Lubrication of a ship's steam engine crankshaft. The two bottles of lubricant are attached to the piston and move while the engine is operating.
This article's lead section contains information that is not included elsewhere in the article. If the information is appropriate for the lead of the article, this information should also be included in the body of the article. (December 2021) (Learn how and when to remove this template message)

Lubrication is the process or technique of using a lubricant to reduce friction and wear and tear in a contact between two surfaces. The study of lubrication is a discipline in the field of tribology.

Lubrication mechanisms such as fluid-lubricated systems are designed so that the applied load is partially or completely carried by hydrodynamic or hydrostatic pressure, which reduces solid body interactions (and consequently friction and wear). Depending on the degree of surface separation, different lubrication regimes can be distinguished.

Adequate lubrication allows smooth, continuous operation of machine elements, reduces the rate of wear, and prevents excessive stresses or seizures at bearings. When lubrication breaks down, components can rub destructively against each other, causing heat, local welding, destructive damage and failure.

Lubrication mechanisms

Fluid-lubricated systems

As the load increases on the contacting surfaces, distinct situations can be observed with respect to the mode of lubrication, which are called lubrication regimes:[1]

Besides supporting the load the lubricant may have to perform other functions as well, for instance it may cool the contact areas and remove wear products. While carrying out these functions the lubricant is constantly replaced from the contact areas either by the relative movement (hydrodynamics) or by externally induced forces.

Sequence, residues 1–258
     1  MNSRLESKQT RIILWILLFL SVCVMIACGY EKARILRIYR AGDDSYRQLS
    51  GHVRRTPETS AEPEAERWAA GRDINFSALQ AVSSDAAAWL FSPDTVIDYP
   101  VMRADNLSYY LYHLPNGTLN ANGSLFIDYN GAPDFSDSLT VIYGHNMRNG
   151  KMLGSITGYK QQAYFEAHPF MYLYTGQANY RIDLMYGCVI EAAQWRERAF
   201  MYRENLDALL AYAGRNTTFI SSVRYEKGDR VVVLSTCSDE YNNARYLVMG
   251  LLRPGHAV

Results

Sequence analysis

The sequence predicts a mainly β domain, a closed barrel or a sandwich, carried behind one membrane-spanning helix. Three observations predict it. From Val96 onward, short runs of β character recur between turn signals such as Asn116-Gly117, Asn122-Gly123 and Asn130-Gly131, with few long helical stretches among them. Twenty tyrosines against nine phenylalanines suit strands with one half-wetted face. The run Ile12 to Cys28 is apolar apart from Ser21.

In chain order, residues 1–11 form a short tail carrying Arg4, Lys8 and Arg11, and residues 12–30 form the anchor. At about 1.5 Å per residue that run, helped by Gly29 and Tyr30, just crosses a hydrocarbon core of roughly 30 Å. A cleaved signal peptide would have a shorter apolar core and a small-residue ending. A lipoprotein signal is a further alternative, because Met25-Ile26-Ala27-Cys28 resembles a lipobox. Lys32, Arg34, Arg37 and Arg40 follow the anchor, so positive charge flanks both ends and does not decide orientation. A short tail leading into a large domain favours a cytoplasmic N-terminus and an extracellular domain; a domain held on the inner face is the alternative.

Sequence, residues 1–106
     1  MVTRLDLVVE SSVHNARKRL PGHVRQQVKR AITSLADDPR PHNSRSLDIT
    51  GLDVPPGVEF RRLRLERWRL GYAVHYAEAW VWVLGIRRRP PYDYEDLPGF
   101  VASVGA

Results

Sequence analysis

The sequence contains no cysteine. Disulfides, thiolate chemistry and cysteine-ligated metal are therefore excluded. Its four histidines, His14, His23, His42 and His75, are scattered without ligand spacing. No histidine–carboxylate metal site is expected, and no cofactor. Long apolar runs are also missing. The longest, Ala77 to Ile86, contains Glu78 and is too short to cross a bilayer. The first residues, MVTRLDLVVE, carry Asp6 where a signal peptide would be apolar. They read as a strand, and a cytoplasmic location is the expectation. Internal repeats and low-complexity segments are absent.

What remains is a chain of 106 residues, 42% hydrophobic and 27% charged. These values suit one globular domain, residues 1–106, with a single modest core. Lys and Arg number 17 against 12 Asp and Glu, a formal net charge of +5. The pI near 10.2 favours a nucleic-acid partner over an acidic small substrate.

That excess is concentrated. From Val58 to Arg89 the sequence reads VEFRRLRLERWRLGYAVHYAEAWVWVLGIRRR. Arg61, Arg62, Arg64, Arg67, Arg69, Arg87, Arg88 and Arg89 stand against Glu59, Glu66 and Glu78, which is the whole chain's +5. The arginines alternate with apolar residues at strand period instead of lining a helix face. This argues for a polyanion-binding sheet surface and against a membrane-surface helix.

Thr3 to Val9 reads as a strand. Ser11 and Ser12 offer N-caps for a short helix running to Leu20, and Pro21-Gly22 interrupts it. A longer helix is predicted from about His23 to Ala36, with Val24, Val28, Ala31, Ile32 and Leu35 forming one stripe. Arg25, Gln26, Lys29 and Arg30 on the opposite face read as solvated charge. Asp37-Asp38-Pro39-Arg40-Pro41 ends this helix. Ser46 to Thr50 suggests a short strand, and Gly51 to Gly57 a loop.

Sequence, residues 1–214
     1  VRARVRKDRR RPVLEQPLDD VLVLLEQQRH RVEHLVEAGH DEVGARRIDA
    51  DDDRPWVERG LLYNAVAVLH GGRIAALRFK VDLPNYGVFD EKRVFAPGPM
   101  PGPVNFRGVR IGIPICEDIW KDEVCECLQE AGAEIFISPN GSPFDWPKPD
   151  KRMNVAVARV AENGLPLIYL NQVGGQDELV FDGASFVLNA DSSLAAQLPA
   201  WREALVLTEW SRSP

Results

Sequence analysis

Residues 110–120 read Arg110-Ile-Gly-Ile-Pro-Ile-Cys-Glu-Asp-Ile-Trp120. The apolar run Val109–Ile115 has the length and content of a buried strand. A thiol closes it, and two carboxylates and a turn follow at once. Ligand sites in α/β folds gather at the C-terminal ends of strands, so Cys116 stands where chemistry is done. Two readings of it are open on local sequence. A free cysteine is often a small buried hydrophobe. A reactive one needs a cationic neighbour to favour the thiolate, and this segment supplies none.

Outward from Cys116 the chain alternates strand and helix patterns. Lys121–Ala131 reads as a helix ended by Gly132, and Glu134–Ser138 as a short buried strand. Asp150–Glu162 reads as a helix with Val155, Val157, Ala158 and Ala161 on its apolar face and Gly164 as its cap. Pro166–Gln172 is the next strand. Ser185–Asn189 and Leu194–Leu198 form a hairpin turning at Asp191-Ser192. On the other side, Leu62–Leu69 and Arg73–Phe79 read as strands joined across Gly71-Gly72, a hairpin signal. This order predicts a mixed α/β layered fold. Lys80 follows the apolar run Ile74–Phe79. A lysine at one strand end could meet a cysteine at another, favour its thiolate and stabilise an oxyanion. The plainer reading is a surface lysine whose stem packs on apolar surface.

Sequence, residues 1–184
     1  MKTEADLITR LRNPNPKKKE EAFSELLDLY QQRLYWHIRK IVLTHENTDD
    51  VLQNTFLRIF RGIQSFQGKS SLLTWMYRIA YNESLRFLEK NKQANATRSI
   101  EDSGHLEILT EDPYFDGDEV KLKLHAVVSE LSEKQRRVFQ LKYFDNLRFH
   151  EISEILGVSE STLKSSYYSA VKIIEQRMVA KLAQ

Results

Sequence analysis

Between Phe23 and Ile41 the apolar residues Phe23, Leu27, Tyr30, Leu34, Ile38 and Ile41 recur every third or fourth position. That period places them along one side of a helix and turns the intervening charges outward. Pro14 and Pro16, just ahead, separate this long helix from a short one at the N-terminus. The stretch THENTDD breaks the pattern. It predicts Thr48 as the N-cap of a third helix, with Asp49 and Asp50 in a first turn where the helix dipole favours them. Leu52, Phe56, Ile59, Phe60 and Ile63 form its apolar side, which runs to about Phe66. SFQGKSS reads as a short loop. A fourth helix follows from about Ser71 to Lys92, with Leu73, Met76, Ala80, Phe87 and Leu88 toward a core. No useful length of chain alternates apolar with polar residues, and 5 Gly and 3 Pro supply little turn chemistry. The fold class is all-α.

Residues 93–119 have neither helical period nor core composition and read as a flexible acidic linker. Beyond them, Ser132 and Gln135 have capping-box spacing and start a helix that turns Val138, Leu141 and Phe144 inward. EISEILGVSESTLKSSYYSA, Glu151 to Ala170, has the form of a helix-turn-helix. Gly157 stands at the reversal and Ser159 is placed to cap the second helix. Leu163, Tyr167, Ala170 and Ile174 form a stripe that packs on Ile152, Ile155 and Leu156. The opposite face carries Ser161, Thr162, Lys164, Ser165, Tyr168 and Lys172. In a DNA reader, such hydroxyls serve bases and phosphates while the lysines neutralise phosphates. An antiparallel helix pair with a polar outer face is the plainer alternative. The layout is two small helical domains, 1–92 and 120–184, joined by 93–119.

Lubrication is required for correct operation of mechanical systems such as pistons, pumps, cams, bearings, turbines, gears, roller chains, cutting tools etc. where without lubrication the pressure between the surfaces in close proximity would generate enough heat for rapid surface damage which in a coarsened condition may literally weld the surfaces together, causing seizure.

In some applications, such as piston engines, the film between the piston and the cylinder wall also seals the combustion chamber, preventing combustion gases from escaping into the crankcase.

If an engine required pressurised lubrication to, say, plain bearings, there would be an oil pump and an oil filter. On early engines (such as a Sabb marine diesel), where pressurised feed was not required splash lubrication would suffice.

See also


  1. ^ Hamrock, Bernard J. (2004). Fundamentals of fluid film lubrication. Steven R. Schmid, Bo O. Jacobson (2nd ed.). New York: Marcel Dekker. ISBN 0-8247-5120-5. OCLC 55739786.
  2. ^ San Andrés. L. "Introduction to pump rotordynamics, Part i. Introduction to hydrodynamic lubrication". ("MEEN626 Lubrication Theory Class:Syllabus FALL2006"). [1][permanent dead link] (11 Dec 2007)
  3. ^ tribonet (2017-02-16). "Hydrodynamic Lubrication". Tribology. Retrieved 2017-02-23.
  4. ^ Singh, Kushagra; Sadeghi, Farshid; Russell, Thomas; Lorenz, Steven J.; Peterson, Wyatt; Villarreal, Jaret; Jinmon, Takumi (2021-09-01). "Fluid–Structure Interaction Modeling of Elastohydrodynamically Lubricated Line Contacts". Journal of Tribology. 143 (9): 091602. doi:10.1115/1.4049260. ISSN 0742-4787. S2CID 230619508.
  5. ^ tribonet (2017-02-05). "Elastohydrodynamic Lubrication (EHL)". Tribology. Retrieved 2017-02-23.
  6. ^ Popova, E.; Popov, V. L. (2015). "On the history of elastohydrodynamics: The dramatic destiny of Alexander Mohrenstein-Ertel and his contribution to the theory and practice of lubrication". Zeitschrift für Angewandte Mathematik und Mechanik. 95 (7): 652–663. Bibcode:2015ZaMM...95..652P. doi:10.1002/zamm.201400050.
  7. ^ Bosman R. and Schipper D.J. Microscopic Mild Wear in the Boundary Lubrication regime. Laboratory for Surface Technology and Tribology, Faculty of Engineering Technology, University of Twente, P.O. Box 217, NL 7500 AE Enschede, The Netherlands.
  8. ^ Ewen, James. "Boundary Lubrication". Trbonet.
  9. ^ Akchurin, Aydar; Bosman, Rob; Lugt, Piet M.; Drogen, Mark van (2015-05-31). "On a Model for the Prediction of the Friction Coefficient in Mixed Lubrication Based on a Load-Sharing Concept with Measured Surface Roughness". Tribology Letters. 59 (1): 19. doi:10.1007/s11249-015-0536-z. ISSN 1023-8883.